Cider is not an established Friday night beverage for Kiwis. In fact, over a third of legal age drinkers have never tried it.
However, with the mainstream beer market in decline for the last 20 years, craft beer and cider were rapidly growing in New Zealand, with cider growth coming from women in particular.
DB Breweries saw a gap in the market – why couldn’t the cider market be more inclusive of men?
There were a few barriers to overcome to make cider a winner for males, however. From a product perspective, cider has typically been marketed in New Zealand to women; a feminine choice displayed with fruits, meadows, pinks and yellows.
Coming from apples, its hue was transparent, lemonade-like, which was a real turn-off for males drinking in a group occasion, DB says.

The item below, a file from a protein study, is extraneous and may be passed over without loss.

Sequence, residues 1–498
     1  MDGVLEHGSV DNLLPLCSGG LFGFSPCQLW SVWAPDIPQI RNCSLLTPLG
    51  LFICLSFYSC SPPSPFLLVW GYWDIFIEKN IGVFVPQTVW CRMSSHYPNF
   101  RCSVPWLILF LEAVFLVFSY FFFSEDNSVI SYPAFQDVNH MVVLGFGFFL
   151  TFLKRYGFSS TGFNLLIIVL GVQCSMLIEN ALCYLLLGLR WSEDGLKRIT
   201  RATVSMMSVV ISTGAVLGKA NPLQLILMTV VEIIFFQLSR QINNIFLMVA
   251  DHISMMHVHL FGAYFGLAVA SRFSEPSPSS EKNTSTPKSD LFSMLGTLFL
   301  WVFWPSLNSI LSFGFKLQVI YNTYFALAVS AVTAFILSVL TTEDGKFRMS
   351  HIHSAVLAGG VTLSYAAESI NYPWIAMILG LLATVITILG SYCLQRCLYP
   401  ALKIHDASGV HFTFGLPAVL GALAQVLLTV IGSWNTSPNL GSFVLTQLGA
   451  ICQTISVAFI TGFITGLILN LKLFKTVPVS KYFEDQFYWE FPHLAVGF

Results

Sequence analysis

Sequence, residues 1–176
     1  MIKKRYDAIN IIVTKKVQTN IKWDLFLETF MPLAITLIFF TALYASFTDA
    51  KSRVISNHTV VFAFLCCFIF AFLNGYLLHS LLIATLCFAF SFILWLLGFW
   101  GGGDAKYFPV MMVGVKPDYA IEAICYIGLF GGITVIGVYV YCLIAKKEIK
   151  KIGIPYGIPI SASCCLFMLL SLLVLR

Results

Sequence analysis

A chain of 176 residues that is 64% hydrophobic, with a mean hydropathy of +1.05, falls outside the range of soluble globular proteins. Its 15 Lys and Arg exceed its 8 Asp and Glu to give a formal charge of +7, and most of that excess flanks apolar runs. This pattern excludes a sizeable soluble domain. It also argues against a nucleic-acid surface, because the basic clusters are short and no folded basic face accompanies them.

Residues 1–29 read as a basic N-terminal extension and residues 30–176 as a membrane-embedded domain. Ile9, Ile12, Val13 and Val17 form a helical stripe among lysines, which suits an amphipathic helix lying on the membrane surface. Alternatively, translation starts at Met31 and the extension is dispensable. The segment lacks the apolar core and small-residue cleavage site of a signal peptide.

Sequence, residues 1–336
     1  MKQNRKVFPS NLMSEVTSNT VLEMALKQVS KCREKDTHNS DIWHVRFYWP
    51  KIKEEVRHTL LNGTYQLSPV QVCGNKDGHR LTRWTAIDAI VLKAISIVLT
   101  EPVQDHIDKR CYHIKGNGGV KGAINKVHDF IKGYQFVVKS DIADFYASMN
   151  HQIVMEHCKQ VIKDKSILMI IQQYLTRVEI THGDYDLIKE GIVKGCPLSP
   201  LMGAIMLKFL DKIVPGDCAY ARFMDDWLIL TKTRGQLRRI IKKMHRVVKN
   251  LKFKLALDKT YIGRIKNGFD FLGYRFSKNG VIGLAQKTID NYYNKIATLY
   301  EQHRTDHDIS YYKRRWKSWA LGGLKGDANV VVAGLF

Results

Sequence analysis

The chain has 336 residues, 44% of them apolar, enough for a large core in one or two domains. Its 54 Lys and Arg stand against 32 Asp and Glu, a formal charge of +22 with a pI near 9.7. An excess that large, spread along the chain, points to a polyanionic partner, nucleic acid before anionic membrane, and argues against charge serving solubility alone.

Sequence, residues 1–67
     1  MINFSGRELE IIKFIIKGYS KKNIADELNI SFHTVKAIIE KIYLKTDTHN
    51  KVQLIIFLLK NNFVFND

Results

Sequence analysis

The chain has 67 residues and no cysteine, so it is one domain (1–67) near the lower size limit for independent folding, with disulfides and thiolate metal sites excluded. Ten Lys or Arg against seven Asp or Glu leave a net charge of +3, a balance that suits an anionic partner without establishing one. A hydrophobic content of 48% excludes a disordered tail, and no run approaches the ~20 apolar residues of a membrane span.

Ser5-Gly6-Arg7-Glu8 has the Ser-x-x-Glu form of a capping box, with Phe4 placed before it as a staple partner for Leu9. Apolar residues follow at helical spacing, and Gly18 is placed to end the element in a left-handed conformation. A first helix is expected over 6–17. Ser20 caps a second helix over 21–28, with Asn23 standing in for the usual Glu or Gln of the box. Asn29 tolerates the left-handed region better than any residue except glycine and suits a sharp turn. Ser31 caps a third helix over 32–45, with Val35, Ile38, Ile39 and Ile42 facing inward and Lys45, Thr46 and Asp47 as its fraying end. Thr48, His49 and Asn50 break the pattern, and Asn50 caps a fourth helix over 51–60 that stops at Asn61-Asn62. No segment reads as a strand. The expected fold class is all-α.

And the taste profile of cider was also considered too sweet, brought about by competitors such as Rekorderlig, which produce a hyper-sweet version of the drink.
As DB puts it, the brand had a big job to do, overcoming a number of key problems for Old Mout Hard Cider, including its packaging, the product formulation, and bringing a masculinity to cider’s overall feminine image in the market. It needed to convince guys it was OK to drink cider.
DB Breweries spent eight months on research and development to create the perfect product formulation involving the colour, the aroma and the taste, with countless rounds of consumer research.
The result was Old Mout Hard Cider: the dry, not too sweet cider aimed directly at men.
This new cider had the objective to pull a whole new target into a category that would otherwise not normally consider cider at all.
DB then started designing packaging that would appeal to a male audience, linking back to the key ingredient, and a communications strategy that would make men consider this otherwise impermissible category.